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  • Do shift patterns vary across stations?




  • swl33t wrote: »
    Do shift patterns vary across stations?

    Slightly but most places are on the same sort of shifts




  • The retirement age for a constable is 60 right? Anyone know if you can opt to work past this age. Iam over 30 , so too old for a full pension.
    Just think retiring at 60 is a bit early and financially i would need to be looking for another job which i dont fancy at that age!!




  • scuba lad wrote: »
    The retirement age for a constable is 60 right? Anyone know if you can opt to work past this age. Iam over 30 , so too old for a full pension.
    Just think retiring at 60 is a bit early and financially i would need to be looking for another job which i dont fancy at that age!!

    I assume you will be able to work past it as long as you still meet medical requirements. Glad to know I'm not the only 'mature person' trying, though, I'm closer to 40 now than I am 30.




  • Ha ha....well being totally honest iam in the same age group as yourself!! As much as i want the job just working out if its finacially viable to take an intial wage drop for 3 years plus the early retirement age!




  • I joined in my 40s and was told you work to 60 then apply for any additional service after that. I know of a custody Sgt working well into 60s. Age is not really any barrier from the service. I put my own barriers in by trying to talk myself out of joining due to age. The service made me very welcome. Just go for it!




  • That 'IS' good news! If you dont mind me asking. What age did you join at and what kind of pension do you expect to get on retirement?

    Thanks.




  • I joined at 42. They are predicting a 35 year pensions pays the equivalent of 24000 as a Con. I'm aiming for anything better than half of that if I go at 60. Hopefully won't be a Con by then. Us oldies need to hustle to get on as we have limited time.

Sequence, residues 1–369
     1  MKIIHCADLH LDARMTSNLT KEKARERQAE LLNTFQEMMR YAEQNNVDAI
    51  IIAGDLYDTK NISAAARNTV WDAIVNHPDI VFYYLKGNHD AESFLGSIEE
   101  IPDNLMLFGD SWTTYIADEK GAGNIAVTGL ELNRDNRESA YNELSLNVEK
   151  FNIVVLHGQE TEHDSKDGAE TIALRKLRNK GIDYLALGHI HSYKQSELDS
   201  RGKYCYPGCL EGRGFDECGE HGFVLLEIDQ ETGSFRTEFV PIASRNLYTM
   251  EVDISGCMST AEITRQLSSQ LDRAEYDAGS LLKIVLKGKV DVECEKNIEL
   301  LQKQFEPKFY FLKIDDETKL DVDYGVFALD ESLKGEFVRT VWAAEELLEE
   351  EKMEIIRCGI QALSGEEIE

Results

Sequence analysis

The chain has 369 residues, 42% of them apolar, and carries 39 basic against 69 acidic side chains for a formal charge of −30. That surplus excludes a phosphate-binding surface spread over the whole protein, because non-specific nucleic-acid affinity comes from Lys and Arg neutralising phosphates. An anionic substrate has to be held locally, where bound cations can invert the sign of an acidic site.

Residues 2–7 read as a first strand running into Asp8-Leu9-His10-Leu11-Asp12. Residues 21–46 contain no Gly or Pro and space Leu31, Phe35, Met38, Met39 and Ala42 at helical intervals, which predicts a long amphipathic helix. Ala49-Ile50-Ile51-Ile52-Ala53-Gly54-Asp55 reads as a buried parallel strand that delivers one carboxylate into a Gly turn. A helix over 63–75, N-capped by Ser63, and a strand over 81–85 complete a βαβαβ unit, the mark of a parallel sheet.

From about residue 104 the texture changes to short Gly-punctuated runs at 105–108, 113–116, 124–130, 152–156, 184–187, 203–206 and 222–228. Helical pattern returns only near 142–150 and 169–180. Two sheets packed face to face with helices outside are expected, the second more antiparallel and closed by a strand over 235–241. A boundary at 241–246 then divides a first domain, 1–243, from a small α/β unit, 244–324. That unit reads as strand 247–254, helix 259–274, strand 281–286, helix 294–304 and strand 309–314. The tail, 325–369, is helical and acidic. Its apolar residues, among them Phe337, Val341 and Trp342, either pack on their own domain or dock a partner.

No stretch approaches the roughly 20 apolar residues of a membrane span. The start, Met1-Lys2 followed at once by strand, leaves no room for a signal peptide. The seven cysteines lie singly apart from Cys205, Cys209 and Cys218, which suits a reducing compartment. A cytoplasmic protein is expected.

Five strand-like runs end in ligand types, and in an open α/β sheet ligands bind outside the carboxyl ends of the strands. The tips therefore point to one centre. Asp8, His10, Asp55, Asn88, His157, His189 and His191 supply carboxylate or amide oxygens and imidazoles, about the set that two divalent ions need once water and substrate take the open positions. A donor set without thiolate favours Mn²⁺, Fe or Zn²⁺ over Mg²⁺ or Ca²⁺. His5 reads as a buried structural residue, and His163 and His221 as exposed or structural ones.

• Cheers Life_On Mars..appreciate the reply! You been in long?




  • Don't want to give too much away on open source, but short enough to be on new poor pay 😢


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  • No problem totally understand...shouldn't have asked!




  • What is the current pay rate? Hopefully higher than what I'm on in my job.




  • Am I right in saying there is no tutor constable anymore?

    Do the newbies fresh out of GV have a kind of a tutor or someone to shadow or is it straight into the deep end?




  • Homer01 wrote: »
    Am I right in saying there is no tutor constable anymore?

    Do the newbies fresh out of GV have a kind of a tutor or someone to shadow or is it straight into the deep end?

    Straight to the deep end. Our section will put newbies out with experienced cons for 5 weeks to shadow though I don't know about everyone else!




  • Thanks maj :)




  • Hi all,

    I'm looking to get as much info as I possibly can from current/retired officers about there thoughts about the district/area they work in and where they would prefer to work? Reasons for this and so on.

    I am a serving officer for another force and when it comes time to put my choices in I want to put my best foot forward, so to speak!

    I understand that people may not want to speak freely on the forum especially if it comes to opinions about the job, their own district, station, other districts, etc, so feel free to PM me.

    Any info will be greatly appreciated, and a huge help!

    Thanks,

    Homeward




  • Homeward wrote: »
    Hi all,

    I'm looking to get as much info as I possibly can from current/retired officers about there thoughts about the district/area they work in and where they would prefer to work? Reasons for this and so on.

    I am a serving officer for another force and when it comes time to put my choices in I want to put my best foot forward, so to speak!

    I understand that people may not want to speak freely on the forum especially if it comes to opinions about the job, their own district, station, other districts, etc, so feel free to PM me.

    Any info will be greatly appreciated, and a huge help!

    Thanks,

    Homeward
    replying so that others can see too:
    Make your choices based on what you feel suits you best.